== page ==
In her foreword to this short study of Virginia Woolf, Alexandra Harris writes that ‘it is meant as a first port of call for those new to Woolf and as an enticement to read more’. There is some justification for such a book — a synthesis giving the outline of Woolf’s life with pertinent interpretative commentary on the novels and other writings. While such an aim is not new, the book will inevitably reflect the concerns of the moment, the stamp of each generation’s particular interest. If this is so, the longer appeal of such a study is not necessarily guaranteed. Harris presents a Woolf for the early 21st century.
Over the years, the variety of approaches to Virginia Woolf has been greater, perhaps, than for many another considerable figure. Early critical studies were overwhelmingly formalist, placing her novels within the framework of a modernist aesthetic. After A Writer’s Diary (1954), the personality revealed there began to inflect interpretation. In the 1970s the first full biography by Quentin Bell and, hard on its heels, the complete diaries and letters, altered the whole landscape forever. Soon enough, we had Woolf and feminism, and madness, and abuse, and politics, Woolf and patriarchy, her marriage, and her sister. So it has continued, the emphasis changing, decade to decade.
The portrait of Woolf herself has been repainted. The semi-invalid of Tavistock Square, fine-tuning her sensations amid a tight coterie of friends, has been vanquished. A far more robust image has emerged — wide-ranging in interests, humorous, combative, politically alert and professionally astute. At the same time, her novels gradually threw off their long shadow of Leavisite denigration. To be sure, there are still pockets of resistance, usually among middle-aged male novelists and the diminishing band of Bloomsbury’s enemies. They will always be with us.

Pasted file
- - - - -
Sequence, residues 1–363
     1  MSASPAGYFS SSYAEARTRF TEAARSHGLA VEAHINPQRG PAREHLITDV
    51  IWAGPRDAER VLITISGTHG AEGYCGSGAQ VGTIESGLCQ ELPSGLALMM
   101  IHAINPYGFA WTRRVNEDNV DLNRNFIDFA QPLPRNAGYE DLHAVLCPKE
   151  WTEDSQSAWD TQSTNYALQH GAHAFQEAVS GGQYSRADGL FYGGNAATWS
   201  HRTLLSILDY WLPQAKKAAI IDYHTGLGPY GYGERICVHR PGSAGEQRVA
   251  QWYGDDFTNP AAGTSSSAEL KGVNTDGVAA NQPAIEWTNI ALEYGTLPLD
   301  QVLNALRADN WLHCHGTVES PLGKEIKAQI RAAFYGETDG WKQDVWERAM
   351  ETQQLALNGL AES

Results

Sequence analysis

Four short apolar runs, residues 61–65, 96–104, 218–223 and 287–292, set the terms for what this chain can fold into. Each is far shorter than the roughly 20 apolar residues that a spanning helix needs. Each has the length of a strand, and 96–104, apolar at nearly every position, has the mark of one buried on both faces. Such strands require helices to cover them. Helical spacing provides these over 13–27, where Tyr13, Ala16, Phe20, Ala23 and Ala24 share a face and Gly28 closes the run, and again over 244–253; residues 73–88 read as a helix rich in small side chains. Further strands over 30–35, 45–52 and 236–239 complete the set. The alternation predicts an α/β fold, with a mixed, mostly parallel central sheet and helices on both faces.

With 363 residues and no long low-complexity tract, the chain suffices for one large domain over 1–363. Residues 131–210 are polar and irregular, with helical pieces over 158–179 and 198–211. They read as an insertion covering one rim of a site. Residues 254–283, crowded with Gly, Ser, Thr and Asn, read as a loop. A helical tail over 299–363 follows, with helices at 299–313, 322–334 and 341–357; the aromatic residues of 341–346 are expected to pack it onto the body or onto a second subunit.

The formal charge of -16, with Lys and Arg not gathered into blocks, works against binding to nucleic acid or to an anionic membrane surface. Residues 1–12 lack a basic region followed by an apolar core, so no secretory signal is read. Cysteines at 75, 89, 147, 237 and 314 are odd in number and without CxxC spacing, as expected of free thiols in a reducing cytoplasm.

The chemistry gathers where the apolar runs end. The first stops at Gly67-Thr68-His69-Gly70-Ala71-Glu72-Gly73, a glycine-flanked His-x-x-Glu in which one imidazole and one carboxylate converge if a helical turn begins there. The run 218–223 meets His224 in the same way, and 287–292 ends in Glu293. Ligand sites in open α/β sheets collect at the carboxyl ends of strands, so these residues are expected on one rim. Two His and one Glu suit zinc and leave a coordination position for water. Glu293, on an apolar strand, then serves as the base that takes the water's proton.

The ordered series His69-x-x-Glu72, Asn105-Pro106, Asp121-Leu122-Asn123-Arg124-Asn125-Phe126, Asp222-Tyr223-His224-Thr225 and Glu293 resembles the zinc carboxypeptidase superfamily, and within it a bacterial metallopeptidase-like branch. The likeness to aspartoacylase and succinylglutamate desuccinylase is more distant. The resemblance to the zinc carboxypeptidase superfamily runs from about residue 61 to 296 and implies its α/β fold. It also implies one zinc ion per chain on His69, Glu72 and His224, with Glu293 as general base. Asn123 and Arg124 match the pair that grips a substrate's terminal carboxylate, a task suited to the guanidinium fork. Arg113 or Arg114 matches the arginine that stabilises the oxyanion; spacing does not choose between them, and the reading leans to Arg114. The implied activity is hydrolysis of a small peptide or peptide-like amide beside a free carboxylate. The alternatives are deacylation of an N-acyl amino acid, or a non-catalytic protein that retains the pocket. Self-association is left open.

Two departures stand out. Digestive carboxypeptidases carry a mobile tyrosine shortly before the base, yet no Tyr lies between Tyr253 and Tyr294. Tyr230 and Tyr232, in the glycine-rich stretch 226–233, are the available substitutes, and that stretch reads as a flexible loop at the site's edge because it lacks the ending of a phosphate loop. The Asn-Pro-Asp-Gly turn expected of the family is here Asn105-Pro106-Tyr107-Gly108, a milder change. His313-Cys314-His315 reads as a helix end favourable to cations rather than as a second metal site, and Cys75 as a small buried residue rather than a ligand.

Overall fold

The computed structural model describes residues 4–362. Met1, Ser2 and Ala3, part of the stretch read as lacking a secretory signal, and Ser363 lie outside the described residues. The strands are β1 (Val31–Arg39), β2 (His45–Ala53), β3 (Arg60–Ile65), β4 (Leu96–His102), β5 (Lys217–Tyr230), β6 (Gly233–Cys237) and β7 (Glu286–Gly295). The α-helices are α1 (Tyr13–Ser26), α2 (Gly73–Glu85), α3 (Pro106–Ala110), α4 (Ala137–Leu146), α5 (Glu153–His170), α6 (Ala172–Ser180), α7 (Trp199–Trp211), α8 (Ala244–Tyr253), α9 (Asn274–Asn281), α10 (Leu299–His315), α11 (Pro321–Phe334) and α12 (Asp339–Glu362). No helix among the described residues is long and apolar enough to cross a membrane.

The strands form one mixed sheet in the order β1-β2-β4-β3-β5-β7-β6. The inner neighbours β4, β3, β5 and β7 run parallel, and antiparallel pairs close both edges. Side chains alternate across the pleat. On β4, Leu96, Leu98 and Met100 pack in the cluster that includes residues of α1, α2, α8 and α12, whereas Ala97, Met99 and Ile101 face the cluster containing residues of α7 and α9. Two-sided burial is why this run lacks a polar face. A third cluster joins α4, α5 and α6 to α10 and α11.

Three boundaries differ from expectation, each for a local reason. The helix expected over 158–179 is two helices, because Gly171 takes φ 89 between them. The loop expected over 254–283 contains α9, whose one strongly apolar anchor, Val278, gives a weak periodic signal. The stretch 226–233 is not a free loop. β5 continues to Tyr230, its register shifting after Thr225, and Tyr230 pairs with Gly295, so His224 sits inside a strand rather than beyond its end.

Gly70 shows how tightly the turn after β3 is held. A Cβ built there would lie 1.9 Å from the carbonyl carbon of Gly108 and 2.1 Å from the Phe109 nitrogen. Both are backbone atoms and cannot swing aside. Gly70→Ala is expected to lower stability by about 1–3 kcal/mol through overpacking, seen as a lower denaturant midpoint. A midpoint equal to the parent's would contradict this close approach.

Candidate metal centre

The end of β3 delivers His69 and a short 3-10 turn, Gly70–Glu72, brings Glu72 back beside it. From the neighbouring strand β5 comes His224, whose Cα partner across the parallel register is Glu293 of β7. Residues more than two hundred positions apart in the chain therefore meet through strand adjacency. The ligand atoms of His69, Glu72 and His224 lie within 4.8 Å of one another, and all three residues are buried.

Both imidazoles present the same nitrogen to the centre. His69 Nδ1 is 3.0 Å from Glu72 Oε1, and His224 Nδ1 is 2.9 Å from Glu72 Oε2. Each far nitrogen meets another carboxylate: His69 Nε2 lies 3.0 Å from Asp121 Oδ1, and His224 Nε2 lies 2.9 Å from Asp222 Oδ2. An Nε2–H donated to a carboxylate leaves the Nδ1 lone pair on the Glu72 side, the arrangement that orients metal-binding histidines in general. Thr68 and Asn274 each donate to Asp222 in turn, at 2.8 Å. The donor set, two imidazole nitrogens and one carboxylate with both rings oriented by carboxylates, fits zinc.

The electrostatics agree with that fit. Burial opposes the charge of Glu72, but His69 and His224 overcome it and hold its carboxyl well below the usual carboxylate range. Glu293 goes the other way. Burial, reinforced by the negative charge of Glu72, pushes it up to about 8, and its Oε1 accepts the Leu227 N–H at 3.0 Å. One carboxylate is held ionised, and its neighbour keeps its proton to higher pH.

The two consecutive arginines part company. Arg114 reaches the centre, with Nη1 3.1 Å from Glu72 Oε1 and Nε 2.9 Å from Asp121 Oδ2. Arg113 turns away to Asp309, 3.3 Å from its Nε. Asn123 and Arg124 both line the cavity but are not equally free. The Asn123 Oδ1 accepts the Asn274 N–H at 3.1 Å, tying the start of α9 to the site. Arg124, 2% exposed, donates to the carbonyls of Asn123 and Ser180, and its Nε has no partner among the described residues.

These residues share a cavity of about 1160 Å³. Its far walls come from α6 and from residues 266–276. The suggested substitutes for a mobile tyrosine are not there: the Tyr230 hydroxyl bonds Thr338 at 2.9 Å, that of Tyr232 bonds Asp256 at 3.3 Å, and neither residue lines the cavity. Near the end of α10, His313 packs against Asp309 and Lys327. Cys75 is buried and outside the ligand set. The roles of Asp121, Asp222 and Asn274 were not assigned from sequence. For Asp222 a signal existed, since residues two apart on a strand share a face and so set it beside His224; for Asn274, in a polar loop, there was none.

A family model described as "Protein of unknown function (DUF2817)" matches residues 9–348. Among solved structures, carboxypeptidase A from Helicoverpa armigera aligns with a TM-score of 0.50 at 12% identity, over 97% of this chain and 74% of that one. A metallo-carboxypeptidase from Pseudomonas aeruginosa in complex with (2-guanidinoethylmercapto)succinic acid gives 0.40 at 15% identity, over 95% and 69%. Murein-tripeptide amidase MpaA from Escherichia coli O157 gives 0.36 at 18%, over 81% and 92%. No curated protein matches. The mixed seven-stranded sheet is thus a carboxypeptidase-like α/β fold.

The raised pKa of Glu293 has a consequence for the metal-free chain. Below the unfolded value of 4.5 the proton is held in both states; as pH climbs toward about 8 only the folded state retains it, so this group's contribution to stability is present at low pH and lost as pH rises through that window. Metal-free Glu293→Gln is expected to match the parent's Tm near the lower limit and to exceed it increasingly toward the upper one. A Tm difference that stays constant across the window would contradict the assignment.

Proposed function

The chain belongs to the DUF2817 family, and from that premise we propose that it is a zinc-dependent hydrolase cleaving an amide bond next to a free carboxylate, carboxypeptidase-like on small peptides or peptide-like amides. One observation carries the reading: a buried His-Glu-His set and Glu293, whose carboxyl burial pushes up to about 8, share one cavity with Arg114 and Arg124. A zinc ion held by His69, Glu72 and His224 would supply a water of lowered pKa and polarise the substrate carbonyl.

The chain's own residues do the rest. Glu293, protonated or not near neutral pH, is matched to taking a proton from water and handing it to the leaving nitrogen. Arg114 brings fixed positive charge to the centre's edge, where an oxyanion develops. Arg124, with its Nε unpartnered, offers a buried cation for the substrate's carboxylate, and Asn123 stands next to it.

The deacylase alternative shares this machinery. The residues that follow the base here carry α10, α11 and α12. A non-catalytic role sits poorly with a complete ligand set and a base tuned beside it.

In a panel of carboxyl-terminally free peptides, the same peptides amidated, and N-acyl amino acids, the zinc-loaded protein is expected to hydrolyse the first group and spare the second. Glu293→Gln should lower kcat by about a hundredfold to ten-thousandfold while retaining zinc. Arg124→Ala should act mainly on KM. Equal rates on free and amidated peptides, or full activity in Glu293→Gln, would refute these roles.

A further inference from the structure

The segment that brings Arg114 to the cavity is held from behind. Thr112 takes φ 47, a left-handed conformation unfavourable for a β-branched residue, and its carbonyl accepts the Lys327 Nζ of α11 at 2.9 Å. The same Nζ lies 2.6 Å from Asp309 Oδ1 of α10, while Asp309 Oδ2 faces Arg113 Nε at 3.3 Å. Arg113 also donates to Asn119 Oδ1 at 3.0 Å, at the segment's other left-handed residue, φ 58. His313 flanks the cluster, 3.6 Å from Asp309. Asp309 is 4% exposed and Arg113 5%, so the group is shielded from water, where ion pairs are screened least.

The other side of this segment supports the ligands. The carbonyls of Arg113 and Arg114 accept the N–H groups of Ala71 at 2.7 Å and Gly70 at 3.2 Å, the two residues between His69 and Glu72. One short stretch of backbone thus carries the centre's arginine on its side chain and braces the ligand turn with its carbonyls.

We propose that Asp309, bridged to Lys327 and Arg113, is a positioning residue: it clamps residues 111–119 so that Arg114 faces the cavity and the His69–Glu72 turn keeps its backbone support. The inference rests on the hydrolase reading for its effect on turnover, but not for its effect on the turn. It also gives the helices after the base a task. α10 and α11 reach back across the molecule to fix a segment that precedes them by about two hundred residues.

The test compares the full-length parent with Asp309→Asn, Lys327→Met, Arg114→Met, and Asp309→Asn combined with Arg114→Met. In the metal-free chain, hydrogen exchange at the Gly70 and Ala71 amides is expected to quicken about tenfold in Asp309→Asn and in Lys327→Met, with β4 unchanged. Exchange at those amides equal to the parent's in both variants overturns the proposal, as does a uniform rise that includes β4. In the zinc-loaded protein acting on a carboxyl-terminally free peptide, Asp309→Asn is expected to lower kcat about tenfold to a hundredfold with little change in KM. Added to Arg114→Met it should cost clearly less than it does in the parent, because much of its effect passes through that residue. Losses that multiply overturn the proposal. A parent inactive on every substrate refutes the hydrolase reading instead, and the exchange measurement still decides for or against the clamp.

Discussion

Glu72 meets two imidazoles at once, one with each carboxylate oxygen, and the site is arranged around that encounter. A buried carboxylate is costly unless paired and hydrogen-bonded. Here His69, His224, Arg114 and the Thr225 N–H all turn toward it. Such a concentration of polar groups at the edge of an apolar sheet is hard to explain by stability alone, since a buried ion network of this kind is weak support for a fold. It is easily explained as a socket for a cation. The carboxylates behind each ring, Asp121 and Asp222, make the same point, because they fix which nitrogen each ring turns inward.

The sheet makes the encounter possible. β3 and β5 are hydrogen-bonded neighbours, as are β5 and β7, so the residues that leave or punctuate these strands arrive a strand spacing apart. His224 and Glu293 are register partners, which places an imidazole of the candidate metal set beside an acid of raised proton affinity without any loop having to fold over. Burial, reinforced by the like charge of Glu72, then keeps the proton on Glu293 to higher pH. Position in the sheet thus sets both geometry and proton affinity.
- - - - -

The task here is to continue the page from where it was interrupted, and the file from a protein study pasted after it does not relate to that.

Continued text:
No such Leavisite body odour clings to Alexandra Harris. Her first book, Romantic Moderns, on the sometimes conflicting demands of being British and going ‘modern’, had an unexpected success last year. Woolf had a place in its subtitle and a role in its thesis. Harris’s new book takes us on a lightning tour of Woolf’s life and writings.
The scenery is pretty familiar by now and our guide rarely stops to catch her breath or embroider a statement before we shoot on to the next landmark. Woolf is a married woman by p. 49, writing The Waves on p. 112 and dead on p. 158. The Stephen family tragedies, the first breakdowns and the independent move to Bloomsbury are briskly dealt with.
Suddenly we are in the age of post-impressionism: the lines are sharper and the colour of life intensifies. We linger only when Harris reaches the canonical novels around which the chapters are structured. Those who know their Woolf will find little that is new here: indeed Harris pays full tribute to Hermione Lee’s comprehensive biography of 1996, whose engrossing weave of biography and criticism finds echoes throughout her own study. But what she may lack in novelty or primary research, she makes up for with enthusiasm and readability.
When she does stop for breath, she is particularly good on two aspects of Woolf’s life. The first is her ability to recover from illness with her imagination unimpaired and her creative drive unchecked. The worst breakdown occurred between her suicide attempt in 1913, a year after her marriage, and her gradual recovery in 1916. This terrible period saw the publication of her first novel, The Voyage Out. Of this event she knew nothing. As soon as she was allowed to write again, she began and completed her long, ambitious if somewhat conventional novel, Night and Day (1919) and wrote several highly original short stories (Harris doesn’t mention the incomparable ‘Kew Gardens’); her journalism flourished and the Hogarth Press was founded.
The second aspect concerns Woolf’s experiment and innovation, one book after another, in the 20 years that followed Jacob’s Room (1922), ‘each taking a huge gamble by adopting untried methods’. Even in the relatively traditional biography of Roger Fry (1940) we find, as Harris points out, shards from her fiction that illuminate both structure and impression. The posthumous Between the Acts suggests several new directions Woolf might have taken, with its short sentences, quotidian dialogue and its direct depiction of emotional and sexual desire.
Along the way, Harris proves her alertness to Woolf’s style through well chosen quotations and phrases, bringing out Woolf’s habitual metaphorical mode and an inexhaustible gift for similes. A little more might have been said about her expository essays on fiction and her brilliance as a book reviewer (in spite of her occasional archness and the red herrings allowed to swim too far); and I think something on the contemporary critical reactions to the major novels might have been useful. Nevertheless, Harris achieves what she set out to do with considerable aplomb.
This article first appeared in the print edition of The Spectator magazine, dated October 15, 2011